Check out the complete details here.

Wednesday Sep 02, 2009

Public Utility Delivers Innovative Voice, Data, and Cable Services to 3,500 Customers with Sun Technologies

customer

In 2004, the cities of Monmouth and Independence, Oregon founded Monmouth Independence Network, or MINET, to deliver high-speed Internet, cable, and VoIP phone services to area businesses and residences, who were not scheduled to receive broadband services until 2015 or later. By the end of 2007, MINET needed to expand its IT architecture to support its growing customer base, and was also looking to offer additional services on its underutilized network bandwidth to increase revenue.
Sun Customer MINET
(Image courtesy: MINET)
Already a user of Sun technologies, MINET chose to expand its infrastructure with Sun hardware and software, and implemented the new solution in just 10 weeks. Three Sun Fire X4150 servers now handle the virtual PBX capabilities and run the Mitel Unified IP Client for Sun Ray Software. Virtual desktops, managed by Sun Secure Global Desktop Software, run on virtual servers set up with Solaris Containers or LDoms. All the virtual environments exist on a mix of 24 Sun Blade X6250 Server Modules and Sun Blade T6320 Server Modules, which are housed in a Sun Blade 6048 Chassis.

All of the company's services rely on a multi-tiered Open Storage solution. A Sun SPARC Enterprise T5240 server uses CMT to simultaneously process storage requests, and one Sun StorageTek 6540 array serves as a redundant controller. Data that is regularly accessed by services is stored on one Sun Fire X4540 server, while data that is not often accessed resides on two Sun Storage J4500 arrays. Solaris ZFS gives IT personnel the ability to manage and change the various storage components in a single pool without affecting availability.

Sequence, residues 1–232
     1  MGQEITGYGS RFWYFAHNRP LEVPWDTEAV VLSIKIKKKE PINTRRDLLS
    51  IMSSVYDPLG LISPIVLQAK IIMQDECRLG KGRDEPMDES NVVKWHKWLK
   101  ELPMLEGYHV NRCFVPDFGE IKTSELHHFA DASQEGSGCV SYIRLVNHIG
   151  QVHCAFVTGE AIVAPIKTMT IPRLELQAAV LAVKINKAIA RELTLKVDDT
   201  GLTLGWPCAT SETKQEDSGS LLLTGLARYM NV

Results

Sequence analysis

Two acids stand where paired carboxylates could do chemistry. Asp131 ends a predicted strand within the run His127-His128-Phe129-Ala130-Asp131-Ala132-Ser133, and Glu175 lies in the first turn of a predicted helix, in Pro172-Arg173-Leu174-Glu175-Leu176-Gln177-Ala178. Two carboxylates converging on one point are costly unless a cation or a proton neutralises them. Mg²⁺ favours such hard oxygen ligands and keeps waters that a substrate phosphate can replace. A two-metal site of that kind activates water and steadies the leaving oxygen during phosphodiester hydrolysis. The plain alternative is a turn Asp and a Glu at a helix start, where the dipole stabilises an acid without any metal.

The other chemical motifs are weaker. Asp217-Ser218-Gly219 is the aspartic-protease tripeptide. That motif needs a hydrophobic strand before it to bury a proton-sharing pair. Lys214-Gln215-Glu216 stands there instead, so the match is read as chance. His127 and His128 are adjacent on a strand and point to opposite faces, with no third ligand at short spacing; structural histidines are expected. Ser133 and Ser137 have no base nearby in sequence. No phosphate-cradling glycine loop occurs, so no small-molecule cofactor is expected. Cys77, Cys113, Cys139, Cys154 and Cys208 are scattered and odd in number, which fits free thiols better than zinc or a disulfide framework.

The solution was fully deployed in April 2008 with the new architecture providing 99.99% availability or higher. Additionally, the virtual environments, Sun blade server modules, Solaris ZFS, and Open Storage solution have simplified the provisioning and modification of customer services and helped fuel a 10% growth in customers each month. The solution's small footprint and energy requirements have also helped MINET save 25% annually on power, cooling, and space requirements. Phil Garrett, General Manager of MINET said: “Our large power and cooling savings translates into more than just money savings, it also gives us more space that we can use to sell more services and generate additional revenue.”

Check out the complete details, including a podcast, here.

Wednesday Mar 18, 2009

Sun Cloud Announcement -- Juan Carlos Soto Interview


Today at CommunityOne East conference, we are announcing Sun Open Cloud Platform -- our open cloud computing infrastructure -- powered by OpenSolaris, MySQL, Open Storage and Java.

I sat down with Juan Carlos Soto, VP of Marketing, Cloud Computing Business Unit at Sun, to discuss the announcement. Listen to Juan giving you the nuggets of the announcement...

In addition to the overall strategy and roadmap, Juan talks about the open APIs for Sun's public cloud service, partner initiatives for Sun's public cloud service and how you can participate in the Sun Cloud technology preview programs.


Juan Carlos Soto
Juan Carlos Soto

Friday Sep 19, 2008

SearchSMBStorage.com's perspective on OpenSolaris as a storage platform


In this look at OpenSolaris, reviewer Tory Skyers examined the storage features of Sun's offering to determine its value to the storage community; specifically, the SMB market. Tory notes, "as far as the storage-related aspect of this operating system goes, it's a home run. It offers iSNS, iSCSI, CIFS, NFS (Sun did help develop NFS you know!) and, most of all, ZFS."
OpenSolaris
Tori provided a primer on OpenSolaris, then outlined his test goal -- building a cost effective NAS device. He commented, "ZFS takes quite a bit of worry out of my day. I don't have to worry about purchasing expensive RAID controllers. I can use the SATA ports on my motherboard and get great redundancy and fault tolerance."

Overall, Tory was quite pleased with OpenSolaris as a storage platform. In closing, he notes, "Keep a close eye on the development of this product, once it matures a bit more it will save you some cash, enough cash to make getting some paid support every once in a while not such a terrible thing. If you have previous experience with Solaris either on Sparc or X86 then you will definitely find value in this initiative."